Let’s work through these two sentences, because they concisely express the thrust of Behe’s book. The first sentence regarding “the tendency of random mutation” is not too bad, though it is overly strong. I would tone it down as follows: “The tendency of random mutation is to degrade genes, and that is sometimes helpful.” My reasons for these subtle changes are that: (i) many mutations are selectively neutral or so weakly deleterious as to be effectively invisible to natural selection; (ii) while loss-of-function mutations are sometimes helpful to the organism, I wouldn’t say that’s “very often” the case (though it may be in some systems, as I’ll discuss in part II); and (iii) even those degradative mutations that are not helpful on their own sometimes persist and occasionally serve as “stepping stones” on the path toward new functionality. This last scenario is unlikely in any particular instance, but given the prevalence of degrading mutations it may nonetheless be important in evolution. (This scenario does not fit neatly within the old-fashioned caricature of Darwinian evolution as only proceeding by strictly adaptive mutations, but it is certainly part of modern evolutionary theory.)

Behe’s next sentence then asserts the power of the “de-evolutionary” process of gene degradation. This is an unjustifiable extrapolation, yet it is central to Behe’s latest book. (It’s not the sort of error I would expect from anyone who is deeply engaged in an earnest effort to understand evolutionary science and present it to the public.) Yes, natural selection sometimes increases the frequency of broken and degraded genes in populations. But when it comes to the power of natural selection, what is most frequent versus most important can be very different things. What is most important in evolution, and in many other contexts, depends on timescales and the cumulative magnitude of effects. As a familiar example, some rhinoviruses are the most frequent source of viral infections in our lives (hence the expression “common cold”), but infections by HIV or Ebola, while less common, are far more consequential.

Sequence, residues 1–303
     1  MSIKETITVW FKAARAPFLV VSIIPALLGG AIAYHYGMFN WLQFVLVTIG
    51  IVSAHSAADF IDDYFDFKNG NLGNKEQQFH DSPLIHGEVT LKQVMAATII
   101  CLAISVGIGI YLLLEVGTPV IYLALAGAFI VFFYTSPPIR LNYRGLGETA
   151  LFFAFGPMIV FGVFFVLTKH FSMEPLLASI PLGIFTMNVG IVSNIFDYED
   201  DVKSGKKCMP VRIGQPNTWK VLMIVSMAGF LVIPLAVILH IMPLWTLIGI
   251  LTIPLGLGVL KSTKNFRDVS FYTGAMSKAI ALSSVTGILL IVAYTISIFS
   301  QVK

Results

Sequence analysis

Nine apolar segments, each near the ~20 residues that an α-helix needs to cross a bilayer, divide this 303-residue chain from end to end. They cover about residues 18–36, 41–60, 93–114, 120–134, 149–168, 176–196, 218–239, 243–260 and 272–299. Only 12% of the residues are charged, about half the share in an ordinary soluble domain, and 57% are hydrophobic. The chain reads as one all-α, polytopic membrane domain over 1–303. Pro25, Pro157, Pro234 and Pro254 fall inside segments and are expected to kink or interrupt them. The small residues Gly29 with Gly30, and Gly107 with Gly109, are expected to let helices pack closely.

Or consider an investor who bought stocks in 100 different companies 25 years ago, of which 80 have been losers. Ouch? Maybe not! A stock can’t lose more than the price that was paid for it, and so 20 winners can overcome 80 losers. Imagine if that investor had picked Apple, for example. That single stock has increased in value by well over 100-fold in that time, more than offsetting even 80 total wipeouts all by itself. (In fact, research on the stock market has shown the vast majority of long-term gains result from a small minority of companies that, like Apple, eventually become big winners.)

In the same vein, even if many more mutations destroy functions than produce new functions, the latter category has been far more consequential in the history of life. That is because a new function may enable a lineage to colonize a new habitat or realm, setting off what evolutionary biologists call an “adaptive radiation” that massively increases not only the numbers of organisms but, over time, the diversity of species and even higher taxa. As one example, consider Tiktaalik or some relative thereof, in any case a transitional kind of fish whose descendants colonized land and eventually gave rise to all of the terrestrial vertebrates—amphibian, reptiles, birds, and mammals. That lineage left far more eventual descendants (including ourselves), and was far more consequential for the history of life on Earth, than 100 other lineages that might have gained a transient advantage by degrading some gene and its function before eventually petering out.

Asteroid impacts aren’t common either, but the dinosaurs (among other groups) sure felt the impact of one at the end of the Cretaceous. (There remains some debate about the cause of that mass extinction event, but whatever the cause its consequences were huge.) Luckily for us, though, some early mammals survived. Evolution often leads to dead ends, sometimes as a consequence of exogenous events like asteroids, and other times because adaptations that are useful under a narrow set of conditions (such as those caused by mutations that break or degrade genes) prove vulnerable over time to even subtle changes in the environment. It has been estimated that more than 99% of all species that have ever existed are now extinct. Yet here we are, on a planet that is home to millions of diverse species whose genomes record the history of life.

Summing up, Behe is right that mutations that break or blunt a gene can be adaptive. And he’s right that, when such mutations are adaptive, they are easy to come by. But Behe is wrong when he implies these facts present a problem for evolutionary biology, because his thesis confuses frequencies over the short run with lasting impacts over the long haul of evolution.

[The picture below shows the Tiktaalik fossil discovered by Neil Shubin and colleagues.  It was posted on Wikipedia by Eduard Solà, and it is shown here under the indicated Creative Commons license.]

Tiktaalik

 

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Asking for a Skeptic Friend

I sometimes get email from people asking, in one way or another, whether our long-term evolution experiment (LTEE) with E. coli provides evidence of evolution writ large – new species, new information, or something of that sort. I try to answer these questions by providing some examples of what we’ve seen change, and by putting the LTEE into context. Here’s one such email:

Hi Professor Lenski,

I have a quick question. I’m asking because I am having a discussion with someone who is skeptical of evolution. The question is: Over the 50,000 generations of e-coli has any of the e-coli evolved into something else or is it still e-coli?

I am a non-religious person who likes to think of myself as an adherent to science but I am not sure how to respond to my skeptic-friend.